By Elise Harris
Last year Queen Elizabeth II became the longest reigning monarch in British history, and on Thursday she passed yet another milestone – becoming the first monarch to ever reach the age of 90.
Queen Elizabeth II celebrated her 90th birthday April 21 by unveiling a special plaque on Windsor’s Queen’s Walkway before lighting the first in a series of beacons marking the special day. Official gun salutes could be heard throughout the U.K.
Numerous events marking the event are set to take place throughout the coming months, culminating with a national service of Thanksgiving, a parade and large picnic outside Buckingham Palace in June when the Queen’s “official” birthday is celebrated, following a longstanding monarchal tradition.
The Vatican itself has decided to mark the Queen’s birthday by playing a cricket match against the Royal Household at the Capannelle Ground in Rome this Saturday, April 23.
St. Peter’s Cricket Club was established in the fall of 2013, and will play the Royal Household as part of their round of spring matches. Made up of 12 priests, deacons and seminarians, the team is two-thirds Indian, with other members hailing from England, Sri Lanka and Pakistan.
Saturday will mark the second time the Vatican cricket team has played against the Royal Household. The first was Sept. 17, 2014, during their first international tour – the “Light of Faith Tour” in England.
The players were invited after to attend Evensong in Windsor’s Chapel of St. George, during the two teams offered prayers for Pope Francis and his ministry.
According to Vatican Radio, the Royal Household team on Friday morning visited St. Peter’s Basilica and the Vatican Museums as part of their visit. Later that evening, Vespers was prayed at the International Pontifical College ‘Mater Ecclesiae,’ during which prayers were offered for the Queen in honor of her birthday.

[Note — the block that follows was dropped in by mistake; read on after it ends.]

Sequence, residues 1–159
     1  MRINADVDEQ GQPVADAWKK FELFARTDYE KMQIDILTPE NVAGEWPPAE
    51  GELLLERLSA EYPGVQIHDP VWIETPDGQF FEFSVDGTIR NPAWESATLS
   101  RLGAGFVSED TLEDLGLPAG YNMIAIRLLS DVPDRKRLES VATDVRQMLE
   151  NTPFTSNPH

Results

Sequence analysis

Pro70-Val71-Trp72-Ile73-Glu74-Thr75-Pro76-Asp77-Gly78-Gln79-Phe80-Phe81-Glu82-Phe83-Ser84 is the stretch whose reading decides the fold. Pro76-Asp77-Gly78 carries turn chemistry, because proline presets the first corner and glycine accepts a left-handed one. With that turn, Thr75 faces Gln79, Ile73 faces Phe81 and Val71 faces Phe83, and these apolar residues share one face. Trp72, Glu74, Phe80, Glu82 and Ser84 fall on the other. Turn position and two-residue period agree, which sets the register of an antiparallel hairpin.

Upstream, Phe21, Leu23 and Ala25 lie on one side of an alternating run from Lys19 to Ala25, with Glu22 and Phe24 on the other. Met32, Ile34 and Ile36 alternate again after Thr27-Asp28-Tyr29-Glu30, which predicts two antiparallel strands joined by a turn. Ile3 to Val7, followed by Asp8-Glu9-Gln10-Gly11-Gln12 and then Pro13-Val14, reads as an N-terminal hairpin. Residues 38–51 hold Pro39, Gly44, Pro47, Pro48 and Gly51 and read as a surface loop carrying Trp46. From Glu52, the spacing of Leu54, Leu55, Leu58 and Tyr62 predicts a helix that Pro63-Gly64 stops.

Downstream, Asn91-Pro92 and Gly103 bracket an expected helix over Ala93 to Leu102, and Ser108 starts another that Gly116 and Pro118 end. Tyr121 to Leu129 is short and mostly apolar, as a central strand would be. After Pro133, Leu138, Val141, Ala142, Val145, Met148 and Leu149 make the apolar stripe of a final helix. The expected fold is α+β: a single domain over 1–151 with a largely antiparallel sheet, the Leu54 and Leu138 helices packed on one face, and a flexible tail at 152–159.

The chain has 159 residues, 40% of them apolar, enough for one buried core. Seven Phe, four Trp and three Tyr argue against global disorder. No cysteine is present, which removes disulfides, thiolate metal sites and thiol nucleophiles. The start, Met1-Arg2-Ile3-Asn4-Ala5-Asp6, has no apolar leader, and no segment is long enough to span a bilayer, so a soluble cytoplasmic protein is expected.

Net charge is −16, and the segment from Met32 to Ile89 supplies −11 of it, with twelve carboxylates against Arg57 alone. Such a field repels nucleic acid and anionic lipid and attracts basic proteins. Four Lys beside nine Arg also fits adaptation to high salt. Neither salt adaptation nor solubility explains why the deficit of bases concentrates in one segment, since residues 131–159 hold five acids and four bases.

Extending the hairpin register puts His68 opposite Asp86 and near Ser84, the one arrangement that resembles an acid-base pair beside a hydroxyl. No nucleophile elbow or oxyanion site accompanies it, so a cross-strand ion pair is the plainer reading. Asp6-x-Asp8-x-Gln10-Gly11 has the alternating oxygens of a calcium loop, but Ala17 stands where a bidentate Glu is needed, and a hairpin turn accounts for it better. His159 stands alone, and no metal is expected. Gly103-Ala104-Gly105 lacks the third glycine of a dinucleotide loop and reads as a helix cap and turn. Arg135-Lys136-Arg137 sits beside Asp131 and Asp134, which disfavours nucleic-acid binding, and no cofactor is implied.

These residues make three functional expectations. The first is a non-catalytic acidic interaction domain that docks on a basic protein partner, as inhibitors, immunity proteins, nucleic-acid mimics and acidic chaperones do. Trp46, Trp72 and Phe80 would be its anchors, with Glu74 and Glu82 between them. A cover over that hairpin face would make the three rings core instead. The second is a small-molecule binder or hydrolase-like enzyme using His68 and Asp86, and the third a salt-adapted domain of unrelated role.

Nigel Baker, British Ambassador to the Holy See, attended both the praying of Vespers as well as a special dinner during which the St. Peter’s Cricket Club presented a special gift for the Queen.
On Sunday, following Saturday’s match, Cardinal George Pell, Prefect of the Secretariat of the Economy, will celebrate Mass at Rome’s Venerable English College. The Royal Household cricket team has been invited to attend the Mass before returning to England in the afternoon.
Other matches in this year’s spring season for St. Peter’s Cricket Club have included an April 9 game against the Nomads of England at Rome’s Capannelle Ground, which they won by 79 runs, and on April 16 they played against the Cross Keys of England, also at the Capannelle Ground.
The team will hold a second “Light of Faith Tour” in England this fall, running Sept. 11-20.
Additionally, the Bishops’ Conference of England and Wales has decided that at all Sunday Masses June 11-12, the Queen’s official birthday, each parish pray for her in honor of her 90th birthday by including the event in the intentions and by reciting the “Prayer for the Queen” prayer at the end of Mass.
The tradition of celebrating a monarch’s birthday twice a year – once on the day she was born and on an “official” birthday in June – dates back to George II in 1748, according to the Telegraph.
Since George was born in November, he thought the weather was too cold for his annual birthday parade, and decided instead to combine the celebration with the annual spring military parade, known as the Trooping the Colour, in which different regiments present their flags in order for soldiers to become familiar with them.
All British monarchs are given the option of having an “official” birthday, the Telegraph reports, and Queen Elizabeth has chosen to stick with tradition. This year’s Trooping the Color parade will take place June 11.